What Paul says is that God’s reconciliation embraces the entire created universe, including those spiritual powers hostile to Christ (cf. v. 16). In other words, the entire creation has been brought into its proper relationship with God and his Christ through God’s work of reconciliation of all things through Christ. This means different things for the world of humankind and for the world of the powers. For human beings, reconciliation means the restoration of friendship with God for those who respond with faith to the gospel (cf. Colossians 1.21–23). For the powers, it means pacification through conquering them, as hinted at by Christ’s work of ‘peacemaking through the blood of his cross’ (v. 20a) and made explicit in Colossians 2.15.
Paul develops the idea of ‘peacemaking through the blood of his cross’ using the vivid colours of the Roman ‘triumph’ imagery. Roman victories were usually followed by a public parade through the streets of Rome called a ‘triumph.’ In it, the triumphator, the victorious Roman leader, would lead his war captives before the eyes of an ecstatic crowd gathered to watch the spectacle. The purpose of the ritual was twofold: on the one hand, it displayed the glory of the triumphator and, on the other, the total humiliation of the captives. Writing about the humiliation of those led in triumphal processions, Mary Beard says: ‘it is not hard to imagine what the victim’s experience might have amounted to, as the noisy crowd of spectators took pleasure in feeling that they had at last the upper hand over (in Cicero’s words) “those whom they had feared”’ (The Roman Triumph [Cambridge, MA: Harvard University Press, 2007]). This is just what Paul says has happened in Christ’s crucifixion. Bringing God’s victory to a climax, Paul says that ‘God made a bold public display of the powers by disarming them and by leading them in triumphal procession in Christ on the cross.’ (Colossians 2.15, my translation).
Colossians 2.15 reveals the total powerlessness of the powers by depicting them as conquered captives led in triumphal procession in Christ by the victorious God, the military triumphator. They have been pacified through conquering, a familiar concept to those living under the Pax Romana (an imperial ideal and propaganda that promised peace and stability across the empire), which was attained through the pacification of Roman enemies by means of military victories. Likewise, God has pacified the powers through conquering them in Christ on the cross.
Why then should the Colossians fear such pitiable and helpless beings?
The Impact of the Triumph’s Imagery
The way Paul used Roman triumph imagery to portray the definitive victory of God in Christ over the powers challenged the Colossians’ perception of reality in at least three ways:
1. God’s triumph challenged their view of the powers: from rulers and authorities to prisoners of war. The Colossians must have perceived the irony behind it all. For the cross, the very instrument used by the rulers of this world to humiliate Jesus Christ, was ironically co-opted by God to humiliate and defeat the powers once for all. Not the streets of Rome, but the cross was the street through which God led the humiliated powers. On the cross, God paraded them in shame before the eyes of the entire world—since the gospel of God’s triumph has been proclaimed ’in all creation under heaven’ (Colossians 1.23). Rather than fear them, the Colossians, as well as modern readers of this letter, are invited to watch the joyful parade of God’s powerless prisoners.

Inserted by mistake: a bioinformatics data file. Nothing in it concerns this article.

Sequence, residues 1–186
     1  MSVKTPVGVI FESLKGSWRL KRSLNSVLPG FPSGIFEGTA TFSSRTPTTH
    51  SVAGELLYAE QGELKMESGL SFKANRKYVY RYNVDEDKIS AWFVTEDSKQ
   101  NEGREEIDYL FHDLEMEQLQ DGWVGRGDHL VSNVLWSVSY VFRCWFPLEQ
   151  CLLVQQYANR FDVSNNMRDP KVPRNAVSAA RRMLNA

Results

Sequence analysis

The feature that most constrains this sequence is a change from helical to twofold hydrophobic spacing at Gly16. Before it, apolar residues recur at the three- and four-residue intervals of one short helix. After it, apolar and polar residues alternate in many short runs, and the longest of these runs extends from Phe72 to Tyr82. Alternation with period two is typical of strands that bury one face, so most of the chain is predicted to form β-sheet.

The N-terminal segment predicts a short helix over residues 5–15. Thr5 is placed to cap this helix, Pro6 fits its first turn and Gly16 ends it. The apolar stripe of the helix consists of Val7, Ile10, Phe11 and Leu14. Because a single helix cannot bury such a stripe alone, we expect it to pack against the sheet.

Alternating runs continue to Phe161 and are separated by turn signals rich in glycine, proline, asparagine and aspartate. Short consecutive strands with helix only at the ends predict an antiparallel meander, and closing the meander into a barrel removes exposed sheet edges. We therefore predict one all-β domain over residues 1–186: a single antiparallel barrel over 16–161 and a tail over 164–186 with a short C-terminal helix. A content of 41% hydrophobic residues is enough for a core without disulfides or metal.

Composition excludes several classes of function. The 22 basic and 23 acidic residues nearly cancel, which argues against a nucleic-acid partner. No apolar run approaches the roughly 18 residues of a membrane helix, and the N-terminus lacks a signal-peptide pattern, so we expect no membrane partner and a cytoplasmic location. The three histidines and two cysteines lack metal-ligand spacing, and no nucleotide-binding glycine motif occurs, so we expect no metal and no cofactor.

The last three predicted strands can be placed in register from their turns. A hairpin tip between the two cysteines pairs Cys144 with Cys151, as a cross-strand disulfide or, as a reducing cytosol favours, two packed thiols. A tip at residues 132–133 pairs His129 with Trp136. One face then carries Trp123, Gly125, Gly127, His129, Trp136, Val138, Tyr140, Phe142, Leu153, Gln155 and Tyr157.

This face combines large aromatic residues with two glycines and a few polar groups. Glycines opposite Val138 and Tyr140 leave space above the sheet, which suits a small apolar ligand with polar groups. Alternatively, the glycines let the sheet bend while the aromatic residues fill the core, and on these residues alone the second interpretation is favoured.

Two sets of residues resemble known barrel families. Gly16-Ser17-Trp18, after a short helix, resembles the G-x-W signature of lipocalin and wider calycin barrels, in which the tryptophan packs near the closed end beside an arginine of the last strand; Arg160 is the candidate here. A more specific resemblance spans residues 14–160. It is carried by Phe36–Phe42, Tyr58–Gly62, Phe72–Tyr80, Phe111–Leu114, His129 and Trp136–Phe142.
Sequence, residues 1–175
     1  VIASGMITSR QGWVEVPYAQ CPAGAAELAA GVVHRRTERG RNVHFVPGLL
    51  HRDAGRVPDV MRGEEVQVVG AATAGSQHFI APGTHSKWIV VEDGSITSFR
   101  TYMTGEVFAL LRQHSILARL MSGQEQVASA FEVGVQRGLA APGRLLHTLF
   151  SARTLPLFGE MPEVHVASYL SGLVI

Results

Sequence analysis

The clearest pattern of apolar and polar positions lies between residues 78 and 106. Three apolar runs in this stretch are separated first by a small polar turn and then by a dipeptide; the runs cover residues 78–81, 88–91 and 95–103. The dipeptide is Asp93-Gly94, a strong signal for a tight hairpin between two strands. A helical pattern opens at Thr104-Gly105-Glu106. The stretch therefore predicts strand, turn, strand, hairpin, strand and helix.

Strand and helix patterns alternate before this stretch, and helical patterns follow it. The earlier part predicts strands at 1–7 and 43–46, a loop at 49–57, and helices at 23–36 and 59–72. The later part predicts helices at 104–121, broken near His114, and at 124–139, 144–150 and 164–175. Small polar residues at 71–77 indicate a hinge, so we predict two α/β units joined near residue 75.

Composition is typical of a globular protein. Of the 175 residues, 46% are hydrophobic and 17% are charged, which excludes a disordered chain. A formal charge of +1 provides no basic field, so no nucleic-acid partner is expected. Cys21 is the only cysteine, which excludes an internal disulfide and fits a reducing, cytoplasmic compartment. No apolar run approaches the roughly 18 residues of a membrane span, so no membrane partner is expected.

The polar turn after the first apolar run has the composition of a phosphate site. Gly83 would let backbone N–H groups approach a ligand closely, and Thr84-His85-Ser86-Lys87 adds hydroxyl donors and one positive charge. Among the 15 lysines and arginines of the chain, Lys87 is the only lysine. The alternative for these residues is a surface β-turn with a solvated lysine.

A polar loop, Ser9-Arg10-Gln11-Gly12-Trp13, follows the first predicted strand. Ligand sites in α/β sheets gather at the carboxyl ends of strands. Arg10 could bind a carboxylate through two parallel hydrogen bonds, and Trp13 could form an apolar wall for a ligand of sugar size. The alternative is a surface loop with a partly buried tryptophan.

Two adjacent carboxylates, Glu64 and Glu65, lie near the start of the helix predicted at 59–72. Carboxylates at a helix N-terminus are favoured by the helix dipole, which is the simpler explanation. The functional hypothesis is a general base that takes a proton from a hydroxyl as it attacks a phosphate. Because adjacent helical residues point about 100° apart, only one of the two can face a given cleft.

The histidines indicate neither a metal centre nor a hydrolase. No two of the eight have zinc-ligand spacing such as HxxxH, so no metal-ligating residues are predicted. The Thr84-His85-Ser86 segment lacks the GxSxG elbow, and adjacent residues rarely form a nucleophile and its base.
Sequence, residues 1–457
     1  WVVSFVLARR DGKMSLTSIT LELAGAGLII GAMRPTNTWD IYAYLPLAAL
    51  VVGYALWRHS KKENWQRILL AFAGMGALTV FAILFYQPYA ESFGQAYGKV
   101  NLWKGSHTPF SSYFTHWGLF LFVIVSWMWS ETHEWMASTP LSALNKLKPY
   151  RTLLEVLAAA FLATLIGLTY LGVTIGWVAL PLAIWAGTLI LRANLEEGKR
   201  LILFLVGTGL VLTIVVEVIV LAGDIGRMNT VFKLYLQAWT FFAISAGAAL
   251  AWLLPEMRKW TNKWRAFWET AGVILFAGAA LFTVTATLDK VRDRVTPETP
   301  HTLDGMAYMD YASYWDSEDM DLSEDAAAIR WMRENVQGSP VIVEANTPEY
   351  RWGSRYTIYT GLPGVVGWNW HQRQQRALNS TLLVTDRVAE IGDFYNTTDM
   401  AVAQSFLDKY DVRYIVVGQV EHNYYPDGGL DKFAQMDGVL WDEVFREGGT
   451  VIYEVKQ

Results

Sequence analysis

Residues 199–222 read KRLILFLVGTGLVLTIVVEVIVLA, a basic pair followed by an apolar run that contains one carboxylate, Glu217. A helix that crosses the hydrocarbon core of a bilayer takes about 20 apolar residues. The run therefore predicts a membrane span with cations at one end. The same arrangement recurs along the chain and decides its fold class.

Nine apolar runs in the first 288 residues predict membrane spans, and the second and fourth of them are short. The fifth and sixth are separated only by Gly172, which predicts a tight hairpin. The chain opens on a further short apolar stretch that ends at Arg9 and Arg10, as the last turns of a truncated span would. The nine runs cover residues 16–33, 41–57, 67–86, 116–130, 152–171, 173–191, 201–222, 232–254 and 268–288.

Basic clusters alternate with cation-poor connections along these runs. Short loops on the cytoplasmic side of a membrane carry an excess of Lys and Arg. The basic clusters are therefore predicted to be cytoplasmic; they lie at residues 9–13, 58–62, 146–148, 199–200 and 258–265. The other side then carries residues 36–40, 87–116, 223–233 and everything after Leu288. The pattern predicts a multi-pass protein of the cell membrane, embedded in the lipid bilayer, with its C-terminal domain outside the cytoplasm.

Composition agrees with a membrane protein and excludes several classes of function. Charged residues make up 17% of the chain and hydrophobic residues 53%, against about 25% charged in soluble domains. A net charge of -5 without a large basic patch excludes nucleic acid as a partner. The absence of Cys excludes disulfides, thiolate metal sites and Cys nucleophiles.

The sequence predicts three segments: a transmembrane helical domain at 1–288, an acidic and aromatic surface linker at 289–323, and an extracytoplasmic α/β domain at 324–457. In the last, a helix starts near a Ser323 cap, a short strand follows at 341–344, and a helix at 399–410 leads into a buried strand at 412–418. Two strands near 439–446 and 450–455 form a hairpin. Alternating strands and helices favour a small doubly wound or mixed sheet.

2. God’s triumph challenges their view of themselves: from ‘carried off as captives of war’ to conquerors. Paul warns the believers about the risk of becoming ’captives’ themselves by the deceitful false teaching, which was ’according to the elemental spirits of the world’ (Colossians 2.8). The irony of the cross goes on. For God’s triumph in Christ means that the elemental spirits are actually the ones made captives (Colossians 2.15). By their identification with Christ, believers also share the victory’s spoils (cf. e.g., 2.10, 20; 3.1). Thus, first-century believers in Colossae and modern readers alike are challenged to picture themselves in God’s parade not only as spectators, but also as conquerors. We who are in Christ are invited to come down from the stands and enjoy the ride in the triumphator’s chariot.
3. God’s triumph challenges their view of the Bringer of Peace: from Caesar’s sword to Christ’s cross. Non-Romans living under the Pax Romana were used to the idea of the empire imposing ‘peace’ through the crushing and pacification of their enemies. Now Paul says that God, the all-powerful triumphator, has brought peace to the entire universe through the blood of Christ’s cross (Colossians 1.20). Like the Pax Romana, this is also peace through violence: it is peace made on a Roman cross, after all. However, the violence which we human beings, God’s enemies (cf. Colossians 1.21), were supposed to bear, God took upon himself in the person of his beloved Son on the cross (Colossians 1.20). The only ‘divine violence’ involved in the process was directed towards those evil spiritual powers, God’s conquered enemies. The Colossians, as well as we modern readers of this letter, can now enjoy real peace, Christ’s peace (or Pax Christi, if you will). This peace is available to all who respond with faith to the gospel of the Reconciler and Conqueror God (cf. Colossians 1.21–23).
We Christian Brazilians welcome Paul’s message with a deep sigh of relief: it proclaims freedom from both the power of sin and the realm of darkness (Colossians 1.13–14). We no longer need to fear spirits when we rightly see they are ultimately powerless against God’s people. Nevertheless, we need to be wary of unduly emphasising the threat posed by spiritual powers, which can be the source of ideas about spiritual warfare, such as ‘territorial spirits.’ Christ has conquered them. And in a way, this is all that matters. In our fascination with the supernatural, we face the risk of going ‘beyond what is written’ (1 Corinthians 4.6).
On the other hand, modern western readers of Scripture need to be wary of quickly dismissing the all-too-real ongoing spiritual battle lest they fail to stand against it (Ephesians 6.11–20). Though we cannot test the spiritual world in a lab, Scripture testifies that there is more to reality than meets the eye.
It is true that the powers are still at work. However, they are but dying powers carrying out desperate assaults against God’s people while waiting the inescapable final blow (cf. Romans 16.20).